“The classic tale from beloved children’s book author Margaret Wise Brown is given a fresh look but loses its storyline.”
Readers follow the cross country journey of two trains, a sleek, modern bullet train and a traditional steam engine train. The two trains journey west across long steel tracks as they puff and chug through a variety of settings: over a bridge, through a tunnel, and up a mountainside. In one of the few instances of rhyming in the story, they also “got white and furry” though “still in a hurry” as they travel through a snowstorm. There are reflective notes, like “Look down that long steel track / where you and I must go; / that long steel track and strong cross bars, / before we travel home,” though the text is changed to refer to an “old man singing in the West” rather than “a black man singing in the West.” Pizzoli’s illustrations are playful and abstract, created using custom rubber stamps. While modern and fun, they also greatly change a reader’s understanding of the story from the original 1949 illustrations by two-time Caldecott Medalists Leo and Diane Dillon, which parallel an actual train’s journey and a toy train’s journey. In Pizzoli’s depiction, the story seems lacking in a substantive storyline, making it an actual but confusing, almost pointless journey of an old and a new train to the West that Pizzoli terminates in the middle of a desert.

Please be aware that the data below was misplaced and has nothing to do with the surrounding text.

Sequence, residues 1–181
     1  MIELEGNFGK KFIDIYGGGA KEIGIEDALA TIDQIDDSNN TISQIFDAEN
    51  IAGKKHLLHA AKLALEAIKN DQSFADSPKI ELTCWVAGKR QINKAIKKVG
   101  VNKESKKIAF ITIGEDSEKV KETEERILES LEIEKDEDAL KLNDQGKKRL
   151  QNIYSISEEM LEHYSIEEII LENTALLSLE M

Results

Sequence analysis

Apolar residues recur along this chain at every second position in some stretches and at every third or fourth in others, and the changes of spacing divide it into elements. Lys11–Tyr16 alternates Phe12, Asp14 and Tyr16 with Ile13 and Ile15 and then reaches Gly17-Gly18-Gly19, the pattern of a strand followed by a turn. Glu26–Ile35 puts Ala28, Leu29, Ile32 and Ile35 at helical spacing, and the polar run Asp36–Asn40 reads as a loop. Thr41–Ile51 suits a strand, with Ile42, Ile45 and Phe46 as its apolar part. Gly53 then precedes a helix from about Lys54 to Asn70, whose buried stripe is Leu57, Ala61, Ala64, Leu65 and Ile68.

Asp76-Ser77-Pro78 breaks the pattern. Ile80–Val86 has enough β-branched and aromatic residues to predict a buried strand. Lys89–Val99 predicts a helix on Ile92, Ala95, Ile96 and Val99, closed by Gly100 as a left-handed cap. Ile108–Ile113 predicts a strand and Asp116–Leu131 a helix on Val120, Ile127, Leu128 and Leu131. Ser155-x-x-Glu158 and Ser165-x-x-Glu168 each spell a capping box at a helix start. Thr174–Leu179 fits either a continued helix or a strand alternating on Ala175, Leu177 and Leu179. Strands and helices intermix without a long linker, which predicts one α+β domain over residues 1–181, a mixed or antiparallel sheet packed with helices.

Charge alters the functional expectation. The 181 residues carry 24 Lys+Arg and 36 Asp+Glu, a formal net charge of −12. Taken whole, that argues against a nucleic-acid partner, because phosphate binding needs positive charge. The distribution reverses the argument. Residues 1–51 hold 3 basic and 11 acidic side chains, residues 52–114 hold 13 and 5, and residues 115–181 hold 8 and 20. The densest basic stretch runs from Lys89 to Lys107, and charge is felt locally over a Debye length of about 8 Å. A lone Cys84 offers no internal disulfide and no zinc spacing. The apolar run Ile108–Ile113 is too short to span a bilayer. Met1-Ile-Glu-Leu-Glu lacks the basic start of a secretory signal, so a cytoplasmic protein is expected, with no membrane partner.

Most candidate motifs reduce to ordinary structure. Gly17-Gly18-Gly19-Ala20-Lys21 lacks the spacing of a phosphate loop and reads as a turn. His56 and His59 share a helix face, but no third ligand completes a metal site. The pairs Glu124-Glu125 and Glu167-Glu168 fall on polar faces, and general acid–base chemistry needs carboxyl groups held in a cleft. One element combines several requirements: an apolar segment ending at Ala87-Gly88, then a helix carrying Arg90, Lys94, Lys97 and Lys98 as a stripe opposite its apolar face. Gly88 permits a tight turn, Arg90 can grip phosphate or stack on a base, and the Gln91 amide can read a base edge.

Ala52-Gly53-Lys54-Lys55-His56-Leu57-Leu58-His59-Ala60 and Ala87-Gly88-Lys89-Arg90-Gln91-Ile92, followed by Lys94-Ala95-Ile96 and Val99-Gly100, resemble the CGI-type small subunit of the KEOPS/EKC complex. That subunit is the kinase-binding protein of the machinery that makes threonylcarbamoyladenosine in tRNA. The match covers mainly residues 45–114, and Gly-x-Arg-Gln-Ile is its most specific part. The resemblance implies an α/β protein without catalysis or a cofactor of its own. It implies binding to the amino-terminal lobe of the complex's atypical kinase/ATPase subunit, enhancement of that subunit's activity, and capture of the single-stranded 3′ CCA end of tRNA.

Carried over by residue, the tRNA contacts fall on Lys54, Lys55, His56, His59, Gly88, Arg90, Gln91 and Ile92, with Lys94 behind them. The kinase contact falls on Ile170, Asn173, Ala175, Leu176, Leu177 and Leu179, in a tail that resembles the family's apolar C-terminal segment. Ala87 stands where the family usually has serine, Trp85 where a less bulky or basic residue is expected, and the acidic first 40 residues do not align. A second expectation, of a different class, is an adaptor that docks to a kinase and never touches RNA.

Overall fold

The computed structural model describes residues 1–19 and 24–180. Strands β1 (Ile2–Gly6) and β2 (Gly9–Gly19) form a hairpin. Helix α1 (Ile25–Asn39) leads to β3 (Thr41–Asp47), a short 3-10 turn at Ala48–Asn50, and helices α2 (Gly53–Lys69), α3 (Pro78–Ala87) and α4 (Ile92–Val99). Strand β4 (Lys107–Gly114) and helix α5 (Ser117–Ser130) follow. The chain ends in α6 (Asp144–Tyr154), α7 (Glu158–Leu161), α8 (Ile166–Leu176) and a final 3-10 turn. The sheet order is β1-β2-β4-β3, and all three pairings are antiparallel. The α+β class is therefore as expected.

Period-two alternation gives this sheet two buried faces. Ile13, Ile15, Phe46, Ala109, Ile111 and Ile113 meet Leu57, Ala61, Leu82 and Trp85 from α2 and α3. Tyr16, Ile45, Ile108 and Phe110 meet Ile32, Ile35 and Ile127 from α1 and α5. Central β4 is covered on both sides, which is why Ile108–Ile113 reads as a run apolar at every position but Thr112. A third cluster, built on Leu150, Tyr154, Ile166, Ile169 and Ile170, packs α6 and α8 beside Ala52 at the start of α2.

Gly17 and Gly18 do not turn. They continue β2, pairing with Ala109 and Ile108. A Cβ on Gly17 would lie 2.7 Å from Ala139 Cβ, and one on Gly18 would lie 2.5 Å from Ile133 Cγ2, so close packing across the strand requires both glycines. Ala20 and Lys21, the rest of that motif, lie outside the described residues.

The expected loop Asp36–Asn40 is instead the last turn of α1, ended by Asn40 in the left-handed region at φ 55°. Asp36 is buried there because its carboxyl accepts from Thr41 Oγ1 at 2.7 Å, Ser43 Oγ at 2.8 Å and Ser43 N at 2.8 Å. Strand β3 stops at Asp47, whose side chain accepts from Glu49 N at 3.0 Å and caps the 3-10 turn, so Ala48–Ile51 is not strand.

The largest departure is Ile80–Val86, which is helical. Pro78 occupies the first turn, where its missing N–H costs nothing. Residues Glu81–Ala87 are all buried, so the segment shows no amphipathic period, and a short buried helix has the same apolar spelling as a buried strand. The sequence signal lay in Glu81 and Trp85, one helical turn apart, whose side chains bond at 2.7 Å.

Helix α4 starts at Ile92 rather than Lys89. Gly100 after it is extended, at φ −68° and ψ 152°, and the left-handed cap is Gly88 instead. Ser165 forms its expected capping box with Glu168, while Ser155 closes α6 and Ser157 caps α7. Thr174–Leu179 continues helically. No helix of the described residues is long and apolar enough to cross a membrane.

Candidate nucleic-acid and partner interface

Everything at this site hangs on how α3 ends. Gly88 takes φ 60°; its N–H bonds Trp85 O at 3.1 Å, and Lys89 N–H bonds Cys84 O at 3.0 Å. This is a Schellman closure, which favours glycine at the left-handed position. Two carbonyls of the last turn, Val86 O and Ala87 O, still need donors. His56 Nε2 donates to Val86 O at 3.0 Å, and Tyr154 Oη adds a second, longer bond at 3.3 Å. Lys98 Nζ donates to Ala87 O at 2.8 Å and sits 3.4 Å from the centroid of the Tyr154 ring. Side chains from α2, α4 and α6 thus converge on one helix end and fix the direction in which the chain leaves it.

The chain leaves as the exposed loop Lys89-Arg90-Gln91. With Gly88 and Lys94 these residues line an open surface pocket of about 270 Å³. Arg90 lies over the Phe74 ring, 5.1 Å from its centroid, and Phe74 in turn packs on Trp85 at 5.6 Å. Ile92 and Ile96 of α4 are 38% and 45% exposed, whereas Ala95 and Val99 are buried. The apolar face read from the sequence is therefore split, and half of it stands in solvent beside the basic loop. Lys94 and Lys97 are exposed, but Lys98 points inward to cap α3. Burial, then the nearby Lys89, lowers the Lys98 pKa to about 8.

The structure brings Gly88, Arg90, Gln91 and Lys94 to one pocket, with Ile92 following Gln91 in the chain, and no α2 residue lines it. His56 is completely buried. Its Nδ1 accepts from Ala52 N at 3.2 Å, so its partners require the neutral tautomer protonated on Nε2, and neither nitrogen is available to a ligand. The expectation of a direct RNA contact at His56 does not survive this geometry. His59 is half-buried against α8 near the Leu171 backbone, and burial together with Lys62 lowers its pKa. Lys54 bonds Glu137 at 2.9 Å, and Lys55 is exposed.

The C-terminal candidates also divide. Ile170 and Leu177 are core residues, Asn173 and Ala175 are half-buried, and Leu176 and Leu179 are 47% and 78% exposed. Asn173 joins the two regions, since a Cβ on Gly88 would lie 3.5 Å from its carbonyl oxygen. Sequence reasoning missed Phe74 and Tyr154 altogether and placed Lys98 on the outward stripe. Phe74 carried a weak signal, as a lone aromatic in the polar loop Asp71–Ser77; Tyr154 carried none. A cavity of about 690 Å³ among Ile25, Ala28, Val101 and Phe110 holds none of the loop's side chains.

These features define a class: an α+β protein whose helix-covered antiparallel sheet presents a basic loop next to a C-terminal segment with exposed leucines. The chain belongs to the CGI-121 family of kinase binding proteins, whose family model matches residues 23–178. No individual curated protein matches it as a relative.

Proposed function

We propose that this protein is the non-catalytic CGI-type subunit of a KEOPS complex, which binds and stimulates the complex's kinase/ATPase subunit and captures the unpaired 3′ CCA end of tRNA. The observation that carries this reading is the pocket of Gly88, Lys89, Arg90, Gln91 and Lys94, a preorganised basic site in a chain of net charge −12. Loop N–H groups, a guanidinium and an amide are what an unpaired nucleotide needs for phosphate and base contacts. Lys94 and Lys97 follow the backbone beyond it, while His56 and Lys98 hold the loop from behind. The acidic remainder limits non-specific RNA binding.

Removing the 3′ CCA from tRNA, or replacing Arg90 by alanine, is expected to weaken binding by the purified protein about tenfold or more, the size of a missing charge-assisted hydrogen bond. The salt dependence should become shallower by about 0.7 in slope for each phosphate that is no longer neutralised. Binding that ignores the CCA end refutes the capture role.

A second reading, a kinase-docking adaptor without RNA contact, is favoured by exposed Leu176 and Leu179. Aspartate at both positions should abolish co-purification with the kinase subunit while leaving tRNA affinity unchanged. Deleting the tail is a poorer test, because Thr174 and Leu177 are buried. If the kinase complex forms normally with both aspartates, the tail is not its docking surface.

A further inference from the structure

Margaret Wise Brown is one of the most popular children’s authors of all
time; her classic Goodnight Moon (HarperFestival), illustrated by Clement
Hurd, has sold more than 24 million copies, and her books—including Big Red Barn (Harper Festival), The Runaway Bunny (HarperCollins), and The Golden Egg Book (Simon &amp;amp; Schuster)—have been in print for over 50 years. Several generations have grown up with her timeless stories and her influence has been felt around the world. (Bio via Sterling Fall 2018 Catalog.)
Greg Pizzoli is an author, an illustrator, and a printmaker. His picture books include The Watermelon Seed; Good Night Owl; Tricky Vic; and North, South, East, West, which was also written by Margaret Wise Brown. When not traveling on trains, he can be found at home in Philadelphia with his wife, their dog, and two cats. Visit him at www.gregpizzoli.com.
for Ed Emberley
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The artist used custom-made rubber stamps and Adobe Photoshop to create the illustrations for this book.